Michael O’Sullivan: Stabat Mater (Orchestral score)

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This is a typeset score (193pp).

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Michael O’Sullivan: Stabat Mater (Orchestral score).

This is a typeset score (193pp).

I. Stabat Mater dolorosa
II. Cuius animam gementem
III. Oquam tristis
IV. Quae maerebat et dolebat
V(a). Quis now passer contristari
V(b). Pro peccatis suae gentis
V(c). Vidit suum dulcem natum
VI. Eia Mater fons amaris
VII. Tui Nati vulnerati
VIII. Iusta Crucem tecum stare
IX. Virgo Virginum
X. Fac ut portem Christi mortem
XI. Flammis ne urar succensus
XII. Quando corpus mortietur

The Stabat Mater Dolorosa (“Sorrowful Mother Standing”) is considered one of the seven greatest Latin hymns of all time. It is based on the biblical prophecy of Simeon that a sword would pierce the heart of The Virgin Mary (Luke 2:35).

The Stabat Mater text is attributed to the Franciscan friar Jacapone da Todi (d.1306). It focuses on the sufferings of Mary as a grieving mother at the foot of the Cross of Jesus. The text is used for the Roman Catholic feast day of Our Lady of Sorrows (15th September), and has been given many varied musical treatments by composers over the course of history, including famous settings by Pergolesi, Dvorak and Pärt.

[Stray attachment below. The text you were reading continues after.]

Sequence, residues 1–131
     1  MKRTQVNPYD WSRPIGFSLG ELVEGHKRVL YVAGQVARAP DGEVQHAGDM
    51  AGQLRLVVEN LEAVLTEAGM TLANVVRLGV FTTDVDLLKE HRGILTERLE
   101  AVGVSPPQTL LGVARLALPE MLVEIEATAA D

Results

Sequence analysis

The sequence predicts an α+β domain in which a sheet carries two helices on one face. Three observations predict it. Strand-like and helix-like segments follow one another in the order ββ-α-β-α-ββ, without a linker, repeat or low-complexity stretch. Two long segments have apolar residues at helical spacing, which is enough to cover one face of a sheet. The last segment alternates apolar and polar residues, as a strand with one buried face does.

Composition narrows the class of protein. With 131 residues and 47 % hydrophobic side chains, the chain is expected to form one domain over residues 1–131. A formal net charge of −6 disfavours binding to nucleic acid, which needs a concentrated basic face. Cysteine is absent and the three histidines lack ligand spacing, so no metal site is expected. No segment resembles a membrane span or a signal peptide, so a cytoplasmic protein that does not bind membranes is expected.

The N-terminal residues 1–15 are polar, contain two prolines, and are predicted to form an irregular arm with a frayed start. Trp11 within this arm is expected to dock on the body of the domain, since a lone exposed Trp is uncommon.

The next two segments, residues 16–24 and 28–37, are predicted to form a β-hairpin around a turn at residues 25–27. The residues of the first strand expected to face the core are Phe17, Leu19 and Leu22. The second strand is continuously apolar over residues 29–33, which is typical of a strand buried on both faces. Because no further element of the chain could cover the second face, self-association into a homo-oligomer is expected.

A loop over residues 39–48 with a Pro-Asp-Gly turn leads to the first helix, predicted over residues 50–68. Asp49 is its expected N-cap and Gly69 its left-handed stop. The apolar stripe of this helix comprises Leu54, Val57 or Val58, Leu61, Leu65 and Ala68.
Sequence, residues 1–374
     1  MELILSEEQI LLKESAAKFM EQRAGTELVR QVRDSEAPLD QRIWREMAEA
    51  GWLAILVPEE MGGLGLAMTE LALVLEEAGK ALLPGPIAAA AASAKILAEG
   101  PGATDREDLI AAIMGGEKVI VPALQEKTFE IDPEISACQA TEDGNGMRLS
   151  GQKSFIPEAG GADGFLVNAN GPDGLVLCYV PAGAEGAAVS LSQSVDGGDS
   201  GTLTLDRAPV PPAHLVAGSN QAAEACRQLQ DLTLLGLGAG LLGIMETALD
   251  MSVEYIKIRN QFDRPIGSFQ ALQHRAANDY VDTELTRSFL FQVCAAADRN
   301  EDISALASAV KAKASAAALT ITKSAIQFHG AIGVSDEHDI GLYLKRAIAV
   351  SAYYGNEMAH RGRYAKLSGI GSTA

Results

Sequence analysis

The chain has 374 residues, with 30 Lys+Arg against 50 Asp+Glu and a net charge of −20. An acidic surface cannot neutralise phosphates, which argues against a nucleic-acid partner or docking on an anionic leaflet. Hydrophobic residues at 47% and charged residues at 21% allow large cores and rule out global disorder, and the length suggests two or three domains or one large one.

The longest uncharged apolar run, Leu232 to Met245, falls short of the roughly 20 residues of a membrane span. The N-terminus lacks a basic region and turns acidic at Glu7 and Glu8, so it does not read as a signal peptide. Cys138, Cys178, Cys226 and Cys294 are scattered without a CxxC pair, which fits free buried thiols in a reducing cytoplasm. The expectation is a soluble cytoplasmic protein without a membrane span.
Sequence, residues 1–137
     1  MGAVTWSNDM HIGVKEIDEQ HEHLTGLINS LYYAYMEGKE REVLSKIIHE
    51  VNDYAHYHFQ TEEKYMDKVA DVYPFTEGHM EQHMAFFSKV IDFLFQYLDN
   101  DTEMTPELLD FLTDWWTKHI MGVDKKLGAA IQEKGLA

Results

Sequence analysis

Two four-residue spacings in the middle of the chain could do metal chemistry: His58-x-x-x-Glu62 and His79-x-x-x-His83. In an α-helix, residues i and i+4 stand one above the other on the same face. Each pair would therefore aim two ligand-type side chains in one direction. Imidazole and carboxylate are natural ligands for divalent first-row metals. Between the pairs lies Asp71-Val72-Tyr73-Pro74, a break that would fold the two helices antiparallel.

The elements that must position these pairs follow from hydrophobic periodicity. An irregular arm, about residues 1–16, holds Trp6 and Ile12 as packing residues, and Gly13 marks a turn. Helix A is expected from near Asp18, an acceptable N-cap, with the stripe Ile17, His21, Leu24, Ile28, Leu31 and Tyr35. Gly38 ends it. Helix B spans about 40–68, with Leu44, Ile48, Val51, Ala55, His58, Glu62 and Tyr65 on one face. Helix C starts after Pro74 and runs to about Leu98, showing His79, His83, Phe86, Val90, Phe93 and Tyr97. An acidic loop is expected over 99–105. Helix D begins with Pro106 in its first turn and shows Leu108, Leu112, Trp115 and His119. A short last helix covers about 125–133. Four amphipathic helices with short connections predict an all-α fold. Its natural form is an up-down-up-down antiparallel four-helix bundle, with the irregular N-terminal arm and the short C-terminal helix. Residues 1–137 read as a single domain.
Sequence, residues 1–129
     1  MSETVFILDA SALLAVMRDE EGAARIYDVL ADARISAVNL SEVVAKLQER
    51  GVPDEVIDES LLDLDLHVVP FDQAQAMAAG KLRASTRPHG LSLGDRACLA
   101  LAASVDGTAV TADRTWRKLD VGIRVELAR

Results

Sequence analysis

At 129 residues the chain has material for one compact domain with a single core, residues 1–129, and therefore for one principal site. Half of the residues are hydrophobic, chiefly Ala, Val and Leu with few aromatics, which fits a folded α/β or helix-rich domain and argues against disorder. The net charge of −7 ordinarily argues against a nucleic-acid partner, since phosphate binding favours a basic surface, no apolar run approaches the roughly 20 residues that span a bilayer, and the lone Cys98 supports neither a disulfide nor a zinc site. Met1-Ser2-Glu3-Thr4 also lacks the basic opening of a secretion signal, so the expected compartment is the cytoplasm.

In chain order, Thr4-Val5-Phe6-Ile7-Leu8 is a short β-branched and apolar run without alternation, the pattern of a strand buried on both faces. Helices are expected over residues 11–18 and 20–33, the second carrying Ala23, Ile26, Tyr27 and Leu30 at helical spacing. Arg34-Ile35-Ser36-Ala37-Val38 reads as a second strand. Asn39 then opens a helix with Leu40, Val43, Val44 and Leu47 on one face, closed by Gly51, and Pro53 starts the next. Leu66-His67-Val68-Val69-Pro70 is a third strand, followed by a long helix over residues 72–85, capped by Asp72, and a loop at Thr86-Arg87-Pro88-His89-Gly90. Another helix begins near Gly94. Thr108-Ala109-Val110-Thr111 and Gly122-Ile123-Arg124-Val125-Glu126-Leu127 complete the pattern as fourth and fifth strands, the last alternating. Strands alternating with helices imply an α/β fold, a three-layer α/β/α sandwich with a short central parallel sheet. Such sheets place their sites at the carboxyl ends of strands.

On a purely human level, the poem deals with perhaps the keenest manifestation of grief of all – that of a mother watching her beloved child suffer and die. In the context of the Christian account of redemption Mary is participating in Christ’s sacrifice for the salvation of humankind. The depths of this ‘cosmic grief’ experienced by the Mother of God at the foot of the cross transcend time and place to embrace the sufferings of humanity.

The author of the poem takes the vantage point of a devout onlooker or pilgrim, who for the first eight stanzas is set apart as third-person narrator for this tragic scene. Then in the ninth stanza, with the impassioned address “Eia Mater, fons amoris”, the pilgrim casts off the role of observer with a string of ardent personal appeals to the Divine Mother to share in her sorrows. There is a corresponding change in the tone of the music from this point: grief is mingled with hope, and the darkness is penetrated by light anticipating Easter joy.

 

This piece is 45 minutes long.

The Vocal score is also available for this piece.